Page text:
Re: Plus, smelly.


Honestly, I think it's very much dependent on the particular social environment. I feel so weird saying this as often as I do, but the school my kids went to really wasn't mean, even at this age. The kids were pretty decent to each other.

I don't know at all how you make it happen, but viciousness isn't innate in being a preteen.

Posted by: LizardBreath | Link to this comment | 10- 2-23 8:08 AM
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Smelly was true though.

Posted by: Moby Hick | Link to this comment | 10- 2-23 8:21 AM
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I kinda figured that was the case.

Our kids' school isn't horrible on the bullying pecking order stuff - there's no wealthy group shitting on everyone else like there are in a lot of the surrounding towns. But the camraderie-among-friends kind of shittiness is excessive. Just the sheer amount of n-word thrown around and extreme machismo, and one-upping and cutting each other down.

Posted by: heebie | Link to this comment | 10- 2-23 8:37 AM
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(of course my kids have had the living daylights scared out of them on why they should NEVER FUCKING EVER utter the n-word. But it gets used a LOT.)

Posted by: heebie-geebie | Link to this comment | 10- 2-23 8:42 AM
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And mostly by kids who are not themselves black, but also not white, and I abstain from drawing any larger point.

Posted by: heebie-geebie | Link to this comment | 10- 2-23 8:43 AM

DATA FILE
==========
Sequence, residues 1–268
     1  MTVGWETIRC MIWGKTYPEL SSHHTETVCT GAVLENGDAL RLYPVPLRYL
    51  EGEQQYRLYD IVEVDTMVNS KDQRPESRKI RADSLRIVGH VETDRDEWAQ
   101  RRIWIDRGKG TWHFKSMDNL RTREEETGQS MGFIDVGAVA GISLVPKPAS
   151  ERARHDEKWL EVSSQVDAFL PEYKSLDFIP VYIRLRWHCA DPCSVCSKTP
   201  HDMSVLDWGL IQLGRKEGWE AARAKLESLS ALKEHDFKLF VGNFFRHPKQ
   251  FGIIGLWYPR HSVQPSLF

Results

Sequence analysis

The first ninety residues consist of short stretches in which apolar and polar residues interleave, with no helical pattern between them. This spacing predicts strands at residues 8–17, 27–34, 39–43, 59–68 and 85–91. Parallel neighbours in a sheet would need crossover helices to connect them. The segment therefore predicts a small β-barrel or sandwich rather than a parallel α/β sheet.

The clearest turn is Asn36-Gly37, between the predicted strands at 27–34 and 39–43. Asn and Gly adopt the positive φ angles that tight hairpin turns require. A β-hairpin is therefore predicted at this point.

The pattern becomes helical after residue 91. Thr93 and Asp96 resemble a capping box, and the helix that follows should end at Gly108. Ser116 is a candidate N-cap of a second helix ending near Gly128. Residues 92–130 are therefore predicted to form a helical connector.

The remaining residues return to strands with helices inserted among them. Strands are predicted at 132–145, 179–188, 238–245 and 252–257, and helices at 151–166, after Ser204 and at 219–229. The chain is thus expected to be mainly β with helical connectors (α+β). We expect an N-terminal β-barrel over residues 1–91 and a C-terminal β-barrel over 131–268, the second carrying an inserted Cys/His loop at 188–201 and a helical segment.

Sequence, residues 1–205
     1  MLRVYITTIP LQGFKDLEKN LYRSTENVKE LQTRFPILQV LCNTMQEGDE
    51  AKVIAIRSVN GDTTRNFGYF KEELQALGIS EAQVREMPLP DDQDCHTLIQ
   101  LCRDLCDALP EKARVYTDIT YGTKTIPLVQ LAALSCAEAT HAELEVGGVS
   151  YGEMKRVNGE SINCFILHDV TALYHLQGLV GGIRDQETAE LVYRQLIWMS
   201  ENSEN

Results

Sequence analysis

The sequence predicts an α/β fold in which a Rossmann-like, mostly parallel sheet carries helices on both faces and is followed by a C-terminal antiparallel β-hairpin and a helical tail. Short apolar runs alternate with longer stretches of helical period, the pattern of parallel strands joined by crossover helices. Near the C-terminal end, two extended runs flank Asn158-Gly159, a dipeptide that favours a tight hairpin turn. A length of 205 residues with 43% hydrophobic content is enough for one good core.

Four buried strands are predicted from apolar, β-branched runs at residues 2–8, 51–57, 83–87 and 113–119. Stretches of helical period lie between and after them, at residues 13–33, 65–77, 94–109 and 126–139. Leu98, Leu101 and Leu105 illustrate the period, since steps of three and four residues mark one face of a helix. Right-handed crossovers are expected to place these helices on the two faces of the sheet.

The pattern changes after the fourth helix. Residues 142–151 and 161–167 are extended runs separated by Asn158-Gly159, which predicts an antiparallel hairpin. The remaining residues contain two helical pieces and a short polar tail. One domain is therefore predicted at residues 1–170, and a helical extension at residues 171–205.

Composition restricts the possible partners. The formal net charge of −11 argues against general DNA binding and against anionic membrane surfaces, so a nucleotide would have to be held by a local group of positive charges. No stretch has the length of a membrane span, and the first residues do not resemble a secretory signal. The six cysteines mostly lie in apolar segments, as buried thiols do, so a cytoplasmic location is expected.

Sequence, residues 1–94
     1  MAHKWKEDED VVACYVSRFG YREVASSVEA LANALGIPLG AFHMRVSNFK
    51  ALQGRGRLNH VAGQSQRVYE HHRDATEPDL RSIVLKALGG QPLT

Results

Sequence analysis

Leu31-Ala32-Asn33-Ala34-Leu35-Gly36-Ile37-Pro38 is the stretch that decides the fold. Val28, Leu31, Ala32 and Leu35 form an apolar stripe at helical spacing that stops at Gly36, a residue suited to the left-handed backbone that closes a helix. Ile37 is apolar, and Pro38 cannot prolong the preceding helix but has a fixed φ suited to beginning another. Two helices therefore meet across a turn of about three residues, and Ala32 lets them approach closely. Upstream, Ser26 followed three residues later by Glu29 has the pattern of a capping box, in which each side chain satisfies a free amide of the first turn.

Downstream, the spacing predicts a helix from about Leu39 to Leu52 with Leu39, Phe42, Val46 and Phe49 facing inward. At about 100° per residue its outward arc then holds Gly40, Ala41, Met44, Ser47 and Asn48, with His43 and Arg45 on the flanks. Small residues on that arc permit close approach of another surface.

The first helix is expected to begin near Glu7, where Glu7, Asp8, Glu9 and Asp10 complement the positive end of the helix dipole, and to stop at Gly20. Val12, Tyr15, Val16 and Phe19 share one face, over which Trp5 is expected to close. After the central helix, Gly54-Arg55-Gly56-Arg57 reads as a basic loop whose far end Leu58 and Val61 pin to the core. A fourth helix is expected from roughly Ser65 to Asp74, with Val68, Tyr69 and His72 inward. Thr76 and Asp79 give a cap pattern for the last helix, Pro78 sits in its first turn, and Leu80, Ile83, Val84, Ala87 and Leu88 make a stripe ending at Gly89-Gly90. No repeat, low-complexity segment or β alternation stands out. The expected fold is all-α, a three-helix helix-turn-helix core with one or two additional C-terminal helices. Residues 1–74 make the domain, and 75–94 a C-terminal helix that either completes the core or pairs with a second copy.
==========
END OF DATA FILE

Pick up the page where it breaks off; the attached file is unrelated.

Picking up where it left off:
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It's funny how much toxic social dynamics seem subject to path dependence.

There was a space opera, clearly drawing off the author's Coast Guard experience, where the main character gets out of the space-navy academy and is assigned to a dysfunctional ship where he's treated like shit, poorly trained, etc. And then later he gets transferred to another ship and discovers it's not like that everywhere, or even some sort of hazing ritual, he was just unlucky.

Posted by: Minivet | Link to this comment | 10- 2-23 8:47 AM
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But the gendered point is a good one. There's a lot of talk about the peculiar horribleness of tween girls, and I think it's all bullshit to the extent it implies that tween girls are Machiavellian monsters and boys of the same age are hapless idiots with no agency.

Posted by: LizardBreath | Link to this comment | 10- 2-23 8:57 AM
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My daughter just started high school, and it's really interesting to see the way that friend group norms vary between the middle schools that feed into the high school. Her own middle school friend group is remarkably conflict-averse. They basically aren't ever mean to each other, even in jest. (They mostly come from an elementary school that put a *lot* of emphasis on anti-bullying stuff.)

She has some friends from sports she's known for a while but is only going to school with now, and the differences are stark. Her middle school friend group and her sports friends are not getting along, at all, and from the outside it seems to me to be entirely about a difference in norms. What for one group would intolerably cruel wouldn't even register for the other group as an example of being particularly mean.

Posted by: MattD | Link to this comment | 10- 2-23 8:58 AM
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This reached a crescendo about a year and a half ago with our older son's group. It seemed so exhausting. He's in seventh grade now, and they all seem pretty chill and supportive of each other (some kids are less part of the group now, which I think has helped).

Posted by: ogged | Link to this comment | 10- 2-23 9:38 AM
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it gets used a LOT

Uh, wow.

Posted by: ogged | Link to this comment | 10- 2-23 9:40 AM